At GROW, we are working with agricultural input dealers to better service the needs of their diverse client base, in order to address the input gap female Liberian farmers currently face. Providing separate training for female cocoa farmers allows us to focus on gendered responsibilities along the value chain and increase quality and income of farming households. We have designed competitions to build solar driers – which can reduce the time women spend on drying cocoa – and reinforced use by introducing differentiated pricing that takes moisture into account. We believe these initiatives can have a positive impact on women. However, we need to be careful with making the statement that these promising first steps automatically result in new formal and informal rules which enable women to participate on an equal footing in economies and societies (aka that they’re now empowered women).  

The word ‘empowerment’ can unnecessarily alienate allies

Gender transformative programming in economic development programmes only works if partners share this commitment. Talking to cooperatives trading in cocoa in eastern Liberia, we learnt male leadership has very little interest in empowering women.  We quickly found out why: the cooperative strongly associated the term empowerment with women’s reproductive health and therefore outside their remit. Dropping the term from the conversation, we learned that the cooperative is clearly interested in adopting their outreach and training programmes to target women, who they know play an important part in drying cocoa and ensuring its quality.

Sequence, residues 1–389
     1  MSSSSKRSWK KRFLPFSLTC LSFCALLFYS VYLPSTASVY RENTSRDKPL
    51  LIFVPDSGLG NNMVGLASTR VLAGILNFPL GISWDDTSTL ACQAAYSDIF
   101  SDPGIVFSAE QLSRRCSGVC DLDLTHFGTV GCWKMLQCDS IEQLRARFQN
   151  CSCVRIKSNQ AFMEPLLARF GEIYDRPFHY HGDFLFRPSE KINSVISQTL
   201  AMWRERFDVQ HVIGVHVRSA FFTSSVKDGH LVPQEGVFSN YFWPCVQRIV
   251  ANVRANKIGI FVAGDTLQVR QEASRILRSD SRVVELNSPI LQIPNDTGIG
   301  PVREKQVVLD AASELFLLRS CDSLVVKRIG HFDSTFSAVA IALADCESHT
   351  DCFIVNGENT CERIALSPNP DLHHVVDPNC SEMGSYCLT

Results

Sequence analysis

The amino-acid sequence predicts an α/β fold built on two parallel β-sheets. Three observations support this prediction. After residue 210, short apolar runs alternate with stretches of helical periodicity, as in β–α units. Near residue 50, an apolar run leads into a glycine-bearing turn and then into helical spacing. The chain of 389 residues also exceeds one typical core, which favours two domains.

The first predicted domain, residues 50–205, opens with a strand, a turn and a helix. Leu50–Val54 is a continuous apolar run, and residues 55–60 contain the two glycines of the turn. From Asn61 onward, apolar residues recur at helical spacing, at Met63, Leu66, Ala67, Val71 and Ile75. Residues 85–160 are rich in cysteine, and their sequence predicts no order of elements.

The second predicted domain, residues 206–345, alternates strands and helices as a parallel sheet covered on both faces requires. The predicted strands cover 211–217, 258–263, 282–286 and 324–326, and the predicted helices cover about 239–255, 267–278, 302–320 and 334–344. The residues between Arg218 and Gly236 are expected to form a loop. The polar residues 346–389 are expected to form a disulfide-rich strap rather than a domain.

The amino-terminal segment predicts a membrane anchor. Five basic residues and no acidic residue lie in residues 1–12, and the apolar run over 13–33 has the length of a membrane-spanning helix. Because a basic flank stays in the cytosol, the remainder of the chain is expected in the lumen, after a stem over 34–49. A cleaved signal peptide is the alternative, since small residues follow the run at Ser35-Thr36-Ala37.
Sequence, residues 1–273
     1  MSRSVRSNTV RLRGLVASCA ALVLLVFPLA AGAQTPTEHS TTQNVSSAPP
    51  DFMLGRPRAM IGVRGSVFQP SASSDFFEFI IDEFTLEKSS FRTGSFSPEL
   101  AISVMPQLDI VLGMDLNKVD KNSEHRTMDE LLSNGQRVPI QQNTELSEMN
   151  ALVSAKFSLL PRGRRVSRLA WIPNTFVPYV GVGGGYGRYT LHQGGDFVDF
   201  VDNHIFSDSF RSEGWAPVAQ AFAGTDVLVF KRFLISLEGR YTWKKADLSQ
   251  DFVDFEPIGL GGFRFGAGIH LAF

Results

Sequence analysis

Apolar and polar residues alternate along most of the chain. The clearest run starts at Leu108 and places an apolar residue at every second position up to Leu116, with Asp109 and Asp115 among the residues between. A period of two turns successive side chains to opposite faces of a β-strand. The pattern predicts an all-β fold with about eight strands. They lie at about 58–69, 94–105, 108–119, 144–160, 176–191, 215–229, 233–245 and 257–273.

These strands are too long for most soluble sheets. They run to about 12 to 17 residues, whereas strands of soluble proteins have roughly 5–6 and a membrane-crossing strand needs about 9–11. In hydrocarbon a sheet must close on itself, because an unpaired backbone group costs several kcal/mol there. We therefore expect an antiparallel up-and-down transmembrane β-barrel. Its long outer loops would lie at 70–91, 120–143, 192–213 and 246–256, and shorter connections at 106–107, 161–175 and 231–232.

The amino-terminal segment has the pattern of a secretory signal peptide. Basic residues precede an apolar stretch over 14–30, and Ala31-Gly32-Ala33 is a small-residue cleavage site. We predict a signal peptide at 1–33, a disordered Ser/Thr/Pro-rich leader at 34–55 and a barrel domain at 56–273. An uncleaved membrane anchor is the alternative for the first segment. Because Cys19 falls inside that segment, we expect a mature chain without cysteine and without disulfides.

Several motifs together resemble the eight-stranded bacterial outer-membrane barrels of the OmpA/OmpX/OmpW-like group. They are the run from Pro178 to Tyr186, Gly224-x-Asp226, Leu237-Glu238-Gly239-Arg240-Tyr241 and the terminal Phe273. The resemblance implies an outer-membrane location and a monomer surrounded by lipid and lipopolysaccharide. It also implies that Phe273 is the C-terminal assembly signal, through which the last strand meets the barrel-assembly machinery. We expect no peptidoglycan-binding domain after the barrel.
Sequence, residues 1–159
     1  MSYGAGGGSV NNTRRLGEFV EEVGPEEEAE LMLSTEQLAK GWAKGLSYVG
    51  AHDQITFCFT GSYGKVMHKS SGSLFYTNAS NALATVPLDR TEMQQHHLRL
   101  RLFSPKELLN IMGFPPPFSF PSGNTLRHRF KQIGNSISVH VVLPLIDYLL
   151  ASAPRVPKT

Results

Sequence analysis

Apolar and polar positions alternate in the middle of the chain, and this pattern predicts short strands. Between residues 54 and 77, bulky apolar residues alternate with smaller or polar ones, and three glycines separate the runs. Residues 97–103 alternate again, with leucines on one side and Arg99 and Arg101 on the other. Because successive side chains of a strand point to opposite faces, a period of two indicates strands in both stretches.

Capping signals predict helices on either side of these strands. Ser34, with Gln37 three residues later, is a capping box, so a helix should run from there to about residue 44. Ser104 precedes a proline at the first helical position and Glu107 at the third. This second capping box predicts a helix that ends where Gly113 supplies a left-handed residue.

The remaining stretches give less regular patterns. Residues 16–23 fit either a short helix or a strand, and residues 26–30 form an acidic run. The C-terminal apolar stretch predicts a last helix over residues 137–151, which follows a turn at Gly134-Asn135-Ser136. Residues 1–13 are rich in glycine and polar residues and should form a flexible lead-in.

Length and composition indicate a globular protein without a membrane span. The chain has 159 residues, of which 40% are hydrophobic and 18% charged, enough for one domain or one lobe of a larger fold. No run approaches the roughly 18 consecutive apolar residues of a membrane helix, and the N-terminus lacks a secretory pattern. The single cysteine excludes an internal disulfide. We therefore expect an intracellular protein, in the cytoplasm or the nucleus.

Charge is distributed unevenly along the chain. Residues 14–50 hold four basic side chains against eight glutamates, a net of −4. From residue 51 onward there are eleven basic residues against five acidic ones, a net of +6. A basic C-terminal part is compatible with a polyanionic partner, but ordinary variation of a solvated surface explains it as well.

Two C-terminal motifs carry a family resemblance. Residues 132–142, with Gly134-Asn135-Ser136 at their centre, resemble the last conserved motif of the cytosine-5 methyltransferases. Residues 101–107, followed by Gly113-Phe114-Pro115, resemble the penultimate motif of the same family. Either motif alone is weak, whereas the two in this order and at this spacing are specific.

The increasing interest of large parts of the development community is an opportunity for women’s economic empowerment to go mainstream.  More development actors taking an interest in women and their interaction with the world of paid work provides an opportunity to build new and important alliances. A shared and deliberate use of language is an important starting point. So let’s be respectful with the term empowerment and use it only where it is due, namely—using Naila Kabeer’s words—where programmes “not simply […] create more female entrepreneurs, farmers and wage workers but also […] dismantle some of the barriers that perpetuate gender inequality in the economy and the wider society.”  

Featured image: GROW Liberia, author provided.

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11 Responses to “Confessions of a gender advisor: Why I avoid the word “empowerment””
  1. Charles Abani

    While I get the point of linking economic growth and changing norms, to assume that the former (on its own) may not ultimately lead to the latter is also flawed. More money in women’s hands, in all likelihood, WILL lead them to more empowered decision (a theory of change may rightly posit) – even if it takes longer (impact assessments might not reveal this in the short run). For me, this issue is more about how ‘intentionally’ we work on connecting the two dimensions purposefully, while being mindful that ’empowerment’ is also an attractor to various folks to participate (or not). This requires deep analysis and ‘right-fitting’ programmes contextually, rather than just banning the word ’empowerment’